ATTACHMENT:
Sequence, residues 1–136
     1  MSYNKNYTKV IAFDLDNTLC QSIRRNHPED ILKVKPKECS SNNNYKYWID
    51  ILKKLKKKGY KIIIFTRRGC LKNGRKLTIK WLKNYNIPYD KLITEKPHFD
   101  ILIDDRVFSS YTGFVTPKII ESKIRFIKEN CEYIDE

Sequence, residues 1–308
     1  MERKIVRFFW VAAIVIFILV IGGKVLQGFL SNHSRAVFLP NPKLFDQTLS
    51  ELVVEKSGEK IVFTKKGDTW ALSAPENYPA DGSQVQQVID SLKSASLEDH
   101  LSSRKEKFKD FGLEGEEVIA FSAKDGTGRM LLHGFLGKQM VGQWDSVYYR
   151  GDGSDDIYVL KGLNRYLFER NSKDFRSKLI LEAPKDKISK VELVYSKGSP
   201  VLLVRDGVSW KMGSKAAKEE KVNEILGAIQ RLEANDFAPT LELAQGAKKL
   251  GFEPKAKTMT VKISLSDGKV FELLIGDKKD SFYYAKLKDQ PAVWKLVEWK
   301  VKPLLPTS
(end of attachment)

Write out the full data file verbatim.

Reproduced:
Sequence, residues 1–136
     1  MSYNKNYTKV IAFDLDNTLC QSIRRNHPED ILKVKPKECS SNNNYKYWID
    51  ILKKLKKKGY KIIIFTRRGC LKNGRKLTIK WLKNYNIPYD KLITEKPHFD
   101  ILIDDRVFSS YTGFVTPKII ESKIRFIKEN CEYIDE

Sequence, residues 1–308
     1  MERKIVRFFW VAAIVIFILV IGGKVLQGFL SNHSRAVFLP NPKLFDQTLS
    51  ELVVEKSGEK IVFTKKGDTW ALSAPENYPA DGSQVQQVID SLKSASLEDH
   101  LSSRKEKFKD FGLEGEEVIA FSAKDGTGRM LLHGFLGKQM VGQWDSVYYR
   151  GDGSDDIYVL KGLNRYLFER NSKDFRSKLI LEAPKDKISK VELVYSKGSP
   201  VLLVRDGVSW KMGSKAAKEE KVNEILGAIQ RLEANDFAPT LELAQGAKKL
   251  GFEPKAKTMT VKISLSDGKV FELLIGDKKD SFYYAKLKDQ PAVWKLVEWK
   301  VKPLLPTS